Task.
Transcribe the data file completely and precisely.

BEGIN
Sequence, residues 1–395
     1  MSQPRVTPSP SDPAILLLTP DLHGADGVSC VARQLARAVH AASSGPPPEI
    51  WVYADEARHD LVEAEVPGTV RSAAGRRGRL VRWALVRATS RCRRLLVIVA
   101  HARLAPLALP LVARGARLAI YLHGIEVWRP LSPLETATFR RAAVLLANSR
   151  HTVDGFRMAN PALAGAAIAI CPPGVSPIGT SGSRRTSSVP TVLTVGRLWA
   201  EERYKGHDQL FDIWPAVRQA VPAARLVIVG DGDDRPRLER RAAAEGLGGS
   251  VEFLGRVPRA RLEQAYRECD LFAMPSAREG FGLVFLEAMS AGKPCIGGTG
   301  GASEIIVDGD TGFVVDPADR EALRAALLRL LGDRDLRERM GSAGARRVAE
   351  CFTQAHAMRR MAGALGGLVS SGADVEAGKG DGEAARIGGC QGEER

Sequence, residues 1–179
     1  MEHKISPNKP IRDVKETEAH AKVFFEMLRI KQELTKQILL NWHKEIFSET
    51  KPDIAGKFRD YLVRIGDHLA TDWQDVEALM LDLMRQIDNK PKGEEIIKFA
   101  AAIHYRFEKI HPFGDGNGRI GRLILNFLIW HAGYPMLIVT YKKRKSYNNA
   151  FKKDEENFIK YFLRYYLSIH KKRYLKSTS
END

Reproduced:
Sequence, residues 1–395
     1  MSQPRVTPSP SDPAILLLTP DLHGADGVSC VARQLARAVH AASSGPPPEI
    51  WVYADEARHD LVEAEVPGTV RSAAGRRGRL VRWALVRATS RCRRLLVIVA
   101  HARLAPLALP LVARGARLAI YLHGIEVWRP LSPLETATFR RAAVLLANSR
   151  HTVDGFRMAN PALAGAAIAI CPPGVSPIGT SGSRRTSSVP TVLTVGRLWA
   201  EERYKGHDQL FDIWPAVRQA VPAARLVIVG DGDDRPRLER RAAAEGLGGS
   251  VEFLGRVPRA RLEQAYRECD LFAMPSAREG FGLVFLEAMS AGKPCIGGTG
   301  GASEIIVDGD TGFVVDPADR EALRAALLRL LGDRDLRERM GSAGARRVAE
   351  CFTQAHAMRR MAGALGGLVS SGADVEAGKG DGEAARIGGC QGEER

Sequence, residues 1–179
     1  MEHKISPNKP IRDVKETEAH AKVFFEMLRI KQELTKQILL NWHKEIFSET
    51  KPDIAGKFRD YLVRIGDHLA TDWQDVEALM LDLMRQIDNK PKGEEIIKFA
   101  AAIHYRFEKI HPFGDGNGRI GRLILNFLIW HAGYPMLIVT YKKRKSYNNA
   151  FKKDEENFIK YFLRYYLSIH KKRYLKSTS